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Macrolides

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Macrolide

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Macrolides

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  2. 2. A Presentation On… Macrolides Presented by- Gourango Kumar Biswas & Asma Aktar, Dept. of Pharmacy, Jessore University of science & Teachnology, Bangladesh. 2
  3. 3. Macrolides- General Consideration Macrolides are a class of antibiotics which contain macrocyclic lactone ring attached to deoxy sugars.  These antibiotics are bacteriostatic in nature & act by inhibiting protein synthesis of bacteria.  These are obtained mainly from certain actinomycetes genus, such as- Streptomyces. Example- Erythromycin, clarithromycin, azithromycin, telithromycin etc. Fig- General model of macrolide. 3
  4. 4. Chemistry of Macrolides Macrolides structurally contain three characteristic parts in every molecule- I. A macrocyclic lactone ring containing 14 or 16 carbons usually. II. Multiple ketone group (O=) & hydroxyl group (-OH). III. Two deoxy sugars attached by glycosidic bond with lactone ring. Fig: General structure of macrolide. 4
  5. 5. Macrolides- Classification According to the carbon number of lactone ring, macrolides are classified into 5 types- 1) 12-membered ring macrolides 2) 13-membered 3) 14-membered (most drugs) 4) 15-membered 5) 16-membered (most drugs) Besides some special groups are available-  Azalides: 15 membered, e.g- azithromycin.  Triamilides: Combination of 13- and 15-membered, e.g- tulathromycin.  Ketolides: 14-membered with 3 ketone group, e.g- telithromycin. 5
  6. 6. Pharmacokinetics  Route of Administration: Oral & parenteral.  Absorption: Erythromycin is poorly absorbed from GIT due to acid sensitivity. Clarithromycin & azithromycin are well absorbed from GIT.  Distribution: Rapidly distributed into systemic circulation. They can cross placenta but can’t cross BBB.  Metabolism: Via liver.  Excretion: Through bile mainly, but clarithromycin is excreted through urine too.6
  7. 7. Erythromycin  1st macrolide obtained from streptomyces erytherus in 1952.  Active against G(+) bacteria.  Plasma half life: 2hrs.  Dose: adult(250-500mg 6-hourly).  Unstable in stomac acid.  Formulaed as enteric coated tablet. Most common market brand of erythromycin are-  A-mycin  Eromycin  Etrocin  Macrocin etc. 7
  8. 8. Clarithromycin  Clarithromycin is derived from erythromycin by addition of methyl group.  Active against both G(+) & G(-) bacteria.  It is more active against Mycobacterium avium complex (MAC).  It is stable in stomac acid.  Plasma Half-life: 6 hrs  Dose: 250-500mg twice daily for 7 days. Most common market brands of Clarithromycin-  Binoclar  Clarin  Claricin etc. 8
  9. 9. Azithromycin  An azalide which is derived from erythromycin by addition of methylated nitrogen into the lactone ring.  Best activity against G(-) bacteria.  Slowly released from tissue.  Plasma half life >2days.  Dose: 250-500 mg once daily for 5-7 days.  Higher efficiency & lesser side effect. Common market brands of Azithromycin-  Zimax  AZ  Zycin  Azin  Azithrocin etc. 9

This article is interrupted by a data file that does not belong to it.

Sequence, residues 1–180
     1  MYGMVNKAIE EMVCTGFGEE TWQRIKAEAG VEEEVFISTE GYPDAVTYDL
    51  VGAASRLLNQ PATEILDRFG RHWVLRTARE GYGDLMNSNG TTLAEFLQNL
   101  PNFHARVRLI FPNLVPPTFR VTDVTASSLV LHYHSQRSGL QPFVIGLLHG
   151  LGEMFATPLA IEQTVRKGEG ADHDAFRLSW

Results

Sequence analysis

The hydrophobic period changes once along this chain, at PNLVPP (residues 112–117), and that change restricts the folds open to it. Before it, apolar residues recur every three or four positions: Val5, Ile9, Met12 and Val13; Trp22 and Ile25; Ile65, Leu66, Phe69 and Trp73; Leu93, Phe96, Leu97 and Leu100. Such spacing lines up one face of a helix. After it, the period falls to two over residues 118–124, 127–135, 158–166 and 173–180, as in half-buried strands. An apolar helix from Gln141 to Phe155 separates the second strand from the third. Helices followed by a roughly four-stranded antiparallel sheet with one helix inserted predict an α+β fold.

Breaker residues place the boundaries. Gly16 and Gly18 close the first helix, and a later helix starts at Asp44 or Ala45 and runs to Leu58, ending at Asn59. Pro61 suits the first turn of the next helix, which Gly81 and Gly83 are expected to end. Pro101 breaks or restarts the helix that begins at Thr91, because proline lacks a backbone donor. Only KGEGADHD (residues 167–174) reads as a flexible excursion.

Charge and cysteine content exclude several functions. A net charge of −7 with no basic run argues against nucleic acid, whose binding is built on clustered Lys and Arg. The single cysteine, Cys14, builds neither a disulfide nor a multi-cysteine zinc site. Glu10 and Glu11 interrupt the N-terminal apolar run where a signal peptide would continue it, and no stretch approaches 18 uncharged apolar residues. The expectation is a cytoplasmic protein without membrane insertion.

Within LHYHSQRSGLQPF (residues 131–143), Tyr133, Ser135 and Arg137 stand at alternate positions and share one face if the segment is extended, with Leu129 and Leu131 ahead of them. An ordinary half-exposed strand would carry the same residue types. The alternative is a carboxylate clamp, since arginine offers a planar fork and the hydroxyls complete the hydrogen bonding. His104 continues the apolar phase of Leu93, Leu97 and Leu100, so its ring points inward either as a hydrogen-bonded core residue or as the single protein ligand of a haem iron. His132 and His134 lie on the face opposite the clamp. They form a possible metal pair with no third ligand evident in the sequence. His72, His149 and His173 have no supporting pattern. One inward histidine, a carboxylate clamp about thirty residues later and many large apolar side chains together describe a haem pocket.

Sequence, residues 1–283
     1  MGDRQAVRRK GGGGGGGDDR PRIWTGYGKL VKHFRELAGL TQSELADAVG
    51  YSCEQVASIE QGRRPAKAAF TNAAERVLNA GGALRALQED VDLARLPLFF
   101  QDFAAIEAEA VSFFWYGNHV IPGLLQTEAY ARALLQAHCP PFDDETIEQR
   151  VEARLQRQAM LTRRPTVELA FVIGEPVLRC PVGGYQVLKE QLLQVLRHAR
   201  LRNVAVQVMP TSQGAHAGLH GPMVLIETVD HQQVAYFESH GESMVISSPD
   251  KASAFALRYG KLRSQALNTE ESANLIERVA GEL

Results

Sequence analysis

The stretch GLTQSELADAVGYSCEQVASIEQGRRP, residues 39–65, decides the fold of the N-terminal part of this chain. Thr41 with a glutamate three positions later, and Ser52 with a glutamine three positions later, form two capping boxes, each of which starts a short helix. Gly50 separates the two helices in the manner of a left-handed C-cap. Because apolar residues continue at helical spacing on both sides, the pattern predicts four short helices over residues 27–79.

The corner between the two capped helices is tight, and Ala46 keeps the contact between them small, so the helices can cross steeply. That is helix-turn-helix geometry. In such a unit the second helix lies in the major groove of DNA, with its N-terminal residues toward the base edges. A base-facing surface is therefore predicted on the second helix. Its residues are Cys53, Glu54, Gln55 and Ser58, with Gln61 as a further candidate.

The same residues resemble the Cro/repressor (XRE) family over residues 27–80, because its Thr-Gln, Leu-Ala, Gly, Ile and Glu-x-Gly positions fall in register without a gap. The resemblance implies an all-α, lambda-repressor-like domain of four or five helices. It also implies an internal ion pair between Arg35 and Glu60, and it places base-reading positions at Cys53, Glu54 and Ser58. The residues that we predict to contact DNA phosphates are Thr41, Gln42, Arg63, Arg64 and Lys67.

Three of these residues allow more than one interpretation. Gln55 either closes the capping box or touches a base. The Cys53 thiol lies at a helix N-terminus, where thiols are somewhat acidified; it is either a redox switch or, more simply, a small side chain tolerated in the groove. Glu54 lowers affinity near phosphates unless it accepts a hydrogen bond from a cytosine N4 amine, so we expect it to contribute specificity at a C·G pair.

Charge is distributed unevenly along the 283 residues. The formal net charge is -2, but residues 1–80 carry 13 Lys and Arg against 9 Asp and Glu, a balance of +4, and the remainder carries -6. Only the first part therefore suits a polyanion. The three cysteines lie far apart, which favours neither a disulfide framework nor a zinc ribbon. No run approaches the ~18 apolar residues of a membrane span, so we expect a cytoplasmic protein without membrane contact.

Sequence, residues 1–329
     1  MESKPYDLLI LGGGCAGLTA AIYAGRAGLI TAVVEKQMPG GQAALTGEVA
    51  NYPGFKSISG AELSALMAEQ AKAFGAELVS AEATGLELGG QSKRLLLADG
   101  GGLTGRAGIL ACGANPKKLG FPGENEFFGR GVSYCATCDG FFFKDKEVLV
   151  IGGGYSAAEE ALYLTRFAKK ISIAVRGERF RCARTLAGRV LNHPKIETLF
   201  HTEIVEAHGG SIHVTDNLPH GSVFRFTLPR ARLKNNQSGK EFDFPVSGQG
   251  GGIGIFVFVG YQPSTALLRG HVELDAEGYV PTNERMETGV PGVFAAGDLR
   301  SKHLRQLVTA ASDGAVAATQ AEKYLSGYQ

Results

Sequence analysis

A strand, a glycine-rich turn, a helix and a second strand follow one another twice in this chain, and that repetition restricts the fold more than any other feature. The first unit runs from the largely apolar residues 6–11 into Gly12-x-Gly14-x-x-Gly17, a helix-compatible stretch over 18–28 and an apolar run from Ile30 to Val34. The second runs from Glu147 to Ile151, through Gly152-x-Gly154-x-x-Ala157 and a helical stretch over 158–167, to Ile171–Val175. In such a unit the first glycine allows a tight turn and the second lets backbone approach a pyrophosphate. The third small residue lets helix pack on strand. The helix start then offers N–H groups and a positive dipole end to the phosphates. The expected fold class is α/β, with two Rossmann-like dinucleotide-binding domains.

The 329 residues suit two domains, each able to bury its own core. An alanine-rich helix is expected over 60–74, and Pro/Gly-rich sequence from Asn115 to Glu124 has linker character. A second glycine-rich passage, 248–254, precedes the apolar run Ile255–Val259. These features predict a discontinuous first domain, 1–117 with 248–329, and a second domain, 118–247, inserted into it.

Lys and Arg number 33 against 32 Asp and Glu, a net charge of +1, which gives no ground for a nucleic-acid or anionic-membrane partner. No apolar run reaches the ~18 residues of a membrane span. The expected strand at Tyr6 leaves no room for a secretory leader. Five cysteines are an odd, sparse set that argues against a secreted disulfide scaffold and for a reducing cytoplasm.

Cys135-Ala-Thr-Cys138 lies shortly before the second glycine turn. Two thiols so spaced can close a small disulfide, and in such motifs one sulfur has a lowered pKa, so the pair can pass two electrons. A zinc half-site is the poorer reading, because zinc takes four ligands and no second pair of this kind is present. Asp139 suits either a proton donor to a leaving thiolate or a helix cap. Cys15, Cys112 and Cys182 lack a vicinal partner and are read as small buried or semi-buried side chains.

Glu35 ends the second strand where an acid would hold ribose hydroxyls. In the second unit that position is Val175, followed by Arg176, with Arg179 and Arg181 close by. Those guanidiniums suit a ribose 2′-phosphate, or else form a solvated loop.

10. 10. Mechanism of Action Macrolide is a protein synthesis inhibitor. Generally it is bacteriostatic in action but acts as bacteriocidal at higher dose. Macrolides bind to 50S ribosomal sub-unit Inhibit polypeptide chain elongation & protein synthesis inhibition Result in inhibition of growth & multiplication. 10
  11. 11. Macrolide Resistance Macrolides become resistant by- 1)Target gene mutation, esp- erg gene & 2) Efflux pump. 11
  12. 12. Spectrum of Activity Gram-Positive Aerobes- Erythromycin & clarithromycin display the best activity. Clarithro>Erythro>Azithro Example-  Methicillin susceptible Staphylococcus aureus  Streptococcus pneumoniae  Bacillus pneumoniae  Corynebacterium sp. Gram-Negative Aerobes- Newer macrolides such as azithromycin has enhanced activity. Azithro>Clarithro>Erythro Example-  H. influenzae  Neisseria sp.  Bordetella pertussis. 12
  13. 13. Macrolides- Indications  Upper respiratory tract infections- pharyngitis, tonsillitis, sore throat, whooping caugh etc.  Lower respiratory tract infection- pneumonia, mycoplasma pneumonia, community derived pneumonia, anthrax etc.  COPD 13
  14. 14. Macrolides- Indications  Sinusitis  Otitis media  Peptic ulcer treatment for eradication of H. pylori in triple therapy.  Skin & soft tissue infection  MAC(Mycobacterium avium complex) infection in AIDS  Gonorrhea.  Conjunctivitis  Lyme disease.14
  15. 15. Macrolides- Contraindications  Hepatic dysfunction  Hypersensitivity to macrolides.  Pregnancy. Hypersensitivity15
  16. 16. Adverse Effect of Macrolides In case of therapeutic dose:  Gastrointestinal discomfort  Anorexia  Nausea  Vomiting  Diarrhea  Mild allergic reaction. In case of toxic dose:  Reversible hearing loss  Liver toxicity  Jaundice  Ventricular arrhythmia. Main adverse effects 16
  17. 17. Reference 1. Lippincott’s Pharmacology. 2. Essentials of MEDICINAL PHARMACOLOGY, KD Tripathy. 3. Basic & Clinical Pharmacology; Katzung, Masters & Trevor. 4. An Introduction to Medicinal Chemistry; Graham L. Patrick. 5. Apex Medical Pharmacology; Dr Javed Yousuf. 6. Foyel’s Principle of Medicinal Chemistry. 7. Qimp Index of Medical Products & Problems. 17
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